Bank of America Corp., the biggest U.S. lender, asked a federal judge to throw out a lawsuit brought by foreclosed homeowners who accuse it of racketeering.
Dwayne Ransom Davis and Melisa Davis sued last month in Indianapolis, claiming Bank of America “routinely” submitted perjured affidavits to support foreclosures. They lost their Knightstown home last year.
The Charlotte, N.C.-based bank, in papers filed Wednesday with U.S. District Judge Jane Magnus-Stinson, said the Davises were improperly using a federal court to attack a state court proceeding and hadn’t shown they were injured.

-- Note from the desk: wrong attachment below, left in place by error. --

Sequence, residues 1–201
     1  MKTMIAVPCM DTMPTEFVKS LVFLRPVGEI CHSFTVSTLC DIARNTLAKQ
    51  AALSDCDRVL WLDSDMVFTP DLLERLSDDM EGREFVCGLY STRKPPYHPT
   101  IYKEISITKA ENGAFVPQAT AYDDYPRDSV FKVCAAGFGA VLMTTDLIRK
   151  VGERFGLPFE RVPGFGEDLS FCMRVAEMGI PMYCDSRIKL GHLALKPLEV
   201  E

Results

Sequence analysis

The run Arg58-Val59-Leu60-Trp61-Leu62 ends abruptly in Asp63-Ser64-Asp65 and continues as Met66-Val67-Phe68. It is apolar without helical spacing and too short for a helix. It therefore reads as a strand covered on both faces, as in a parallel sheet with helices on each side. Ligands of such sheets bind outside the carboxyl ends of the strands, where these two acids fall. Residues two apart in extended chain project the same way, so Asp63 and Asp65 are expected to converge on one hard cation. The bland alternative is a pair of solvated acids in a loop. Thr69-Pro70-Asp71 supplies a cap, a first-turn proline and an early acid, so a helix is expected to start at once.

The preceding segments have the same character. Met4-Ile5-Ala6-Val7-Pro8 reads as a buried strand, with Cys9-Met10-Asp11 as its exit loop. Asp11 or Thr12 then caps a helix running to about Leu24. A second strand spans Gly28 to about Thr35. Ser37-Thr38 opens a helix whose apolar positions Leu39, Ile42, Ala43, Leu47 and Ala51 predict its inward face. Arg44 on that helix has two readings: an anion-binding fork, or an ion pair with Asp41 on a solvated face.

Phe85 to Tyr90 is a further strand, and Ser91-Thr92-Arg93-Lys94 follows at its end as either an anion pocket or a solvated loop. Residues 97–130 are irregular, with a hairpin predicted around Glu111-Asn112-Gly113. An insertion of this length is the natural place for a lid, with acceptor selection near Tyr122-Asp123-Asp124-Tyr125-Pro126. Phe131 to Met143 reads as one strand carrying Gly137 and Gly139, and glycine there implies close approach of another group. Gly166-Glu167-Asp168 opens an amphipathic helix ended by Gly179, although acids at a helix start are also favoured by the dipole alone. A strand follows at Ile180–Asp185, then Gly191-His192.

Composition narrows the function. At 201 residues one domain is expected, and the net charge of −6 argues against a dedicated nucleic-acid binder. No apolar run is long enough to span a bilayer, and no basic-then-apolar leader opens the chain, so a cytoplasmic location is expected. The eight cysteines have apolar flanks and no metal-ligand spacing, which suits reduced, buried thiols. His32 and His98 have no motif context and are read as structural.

“While plaintiffs claim they do not seek to overturn the judgment in the foreclosure action, it is clear they are trying to do precisely that,” in violation of federal law, Bank of America told the court.
The Davises didn’t ask the court to reverse their September 2009 foreclosure. They said in their complaint that the use of “robo-signers,” or people who sign affidavits attesting to facts underlying foreclosures without actual knowledge of them, constitutes racketeering.
They seek class-action, or group, status for anyone whose home was taken under such circumstances since October 2006, and compensatory damages, which would be tripled under U.S. racketeering laws.
“Plaintiffs plead no facts to support their claim that the result, i.e. a judgment of foreclosure, would have been any different had the alleged inaccuracies in the underlying affidavit been discovered in the state court proceeding,” Bank of America said.